Setting on impulse out for a day trip "in that faraway time before such whimsy was dashed away by parenthood", Tim Moore ends up by accident in Leysdown-on-Sea, and is amazed at "how a fog-smothered mudbank in the Thames Estuary had ever become a holiday resort in the first place", and, more importantly, how he had being living his life entirely ignorant of its existence. Memories of that visit had "matured over the years into our yardstick for seaside misery, a metaphor for any truly terrible place".

But could it have really been that bad? And what about all those other places which by reputation had become a byword for the truly awful?

So Tim set himself a challenge: the Road Trip From Hell. "If I was to visit the worst British towns, then it seemed only appropriate to stay in the worst hotels. To go to the worst restaurants and eat the worst food. Drink in the worst pubs, see the worst sights, drive the worst car while listening to the worst music."

His vehicle of choice was that design classic the Austin Maestro, a car with wheels that would randomly detach themselves, leaks everywhere (in bad weather some drivers had to resort to wearing a raincoat) and a permanent oil stain in your driveway. His in-car soundtrack was 358 of the very worst of British music, as voted for by us in innumerable polls, "The tuneless, the endless, the cloying, the Wurzels".

He assaults his digestive system with a succession of culinary challenges, including Grabits Original Chicken on a Stick, "75g of impaled poultry, reduced to clear at 90p ...
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6 of 7 people found the following review helpful
5.0 out of 5 stars Stalking the Dreadful in Old Blighty 11 April 2013
"A quick flip of the wipers, and off we ... oh. I heard frail machinery endure immense strain and surrender with a reverberating twang; I saw the wipers flop limply down on to the bonnet, useless and dead." - from YOU ARE AWFUL, about driving Craig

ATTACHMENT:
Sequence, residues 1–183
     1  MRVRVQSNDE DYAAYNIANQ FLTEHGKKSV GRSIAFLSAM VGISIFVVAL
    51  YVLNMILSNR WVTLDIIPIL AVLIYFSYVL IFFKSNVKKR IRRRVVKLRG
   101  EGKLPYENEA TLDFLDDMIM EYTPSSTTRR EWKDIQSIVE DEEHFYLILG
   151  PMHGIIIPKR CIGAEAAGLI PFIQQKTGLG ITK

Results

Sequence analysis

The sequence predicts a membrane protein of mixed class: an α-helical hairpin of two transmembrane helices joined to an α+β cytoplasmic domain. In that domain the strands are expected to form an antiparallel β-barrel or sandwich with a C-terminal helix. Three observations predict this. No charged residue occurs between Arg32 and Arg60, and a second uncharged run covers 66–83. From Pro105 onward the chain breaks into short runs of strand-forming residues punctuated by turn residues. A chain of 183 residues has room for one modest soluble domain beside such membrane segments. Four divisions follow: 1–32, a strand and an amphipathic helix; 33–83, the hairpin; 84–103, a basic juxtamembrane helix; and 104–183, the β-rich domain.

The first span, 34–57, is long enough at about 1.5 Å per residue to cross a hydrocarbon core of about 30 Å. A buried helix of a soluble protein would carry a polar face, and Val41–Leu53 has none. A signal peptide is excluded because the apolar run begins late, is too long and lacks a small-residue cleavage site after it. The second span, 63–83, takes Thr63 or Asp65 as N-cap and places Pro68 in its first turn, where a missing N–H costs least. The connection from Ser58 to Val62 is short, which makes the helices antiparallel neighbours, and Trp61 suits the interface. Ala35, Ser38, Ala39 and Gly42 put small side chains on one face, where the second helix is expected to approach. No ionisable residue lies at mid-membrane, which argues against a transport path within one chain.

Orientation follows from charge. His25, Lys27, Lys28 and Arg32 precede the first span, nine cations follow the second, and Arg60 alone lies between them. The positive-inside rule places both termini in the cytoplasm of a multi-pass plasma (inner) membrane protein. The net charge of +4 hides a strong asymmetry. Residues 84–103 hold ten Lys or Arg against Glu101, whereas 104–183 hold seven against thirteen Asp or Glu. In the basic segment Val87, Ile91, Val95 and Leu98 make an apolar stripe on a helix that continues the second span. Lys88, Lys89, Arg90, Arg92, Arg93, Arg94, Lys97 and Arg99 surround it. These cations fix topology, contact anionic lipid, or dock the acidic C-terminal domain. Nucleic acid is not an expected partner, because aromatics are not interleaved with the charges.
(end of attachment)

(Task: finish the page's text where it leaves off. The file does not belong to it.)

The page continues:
"I watched my reflection settle into the now familiar blend of horror and exhilaration - the face of a man who has gone in search of the truly dreadful, and found it ... Five minutes later I walked outside (the barber shop) wearing a crested grebe plucked from an oil slick." - from YOU ARE AWFUL, about a haircut in St. Helens

"Drained and stained, the irregular-shaped pools seemed sad and creepy; the primary-hued plastic employed from everything from water slides to snack huts had dulled and roughened like an old toothbrush. The whole Chernobyl fairground look." - from YOU ARE AWFUL, about Rhyl's Sun Centre, off-season

Early in his marriage, travel essayist Tim Moore and his wife got lost on a day trip to Leeds Castle and ended up on the Isle of Sheppey in the Thames Estuary at the decaying beachfront resort of Leysdown-on-Sea. Twenty years later, this experience inspired Moore to do a driving tour of Britain's most vilified and blighted places as pronounced by various polls and surveys. Thus YOU ARE AWFUL (BUT I LIKE YOU), an unusual work of humor and bad experiences which is sprinkled with words like: horrid, rubbish, worst, loathsome, unhappiest, dreadful, and ugly. For the reader, it's great fun. Brilliant, actually.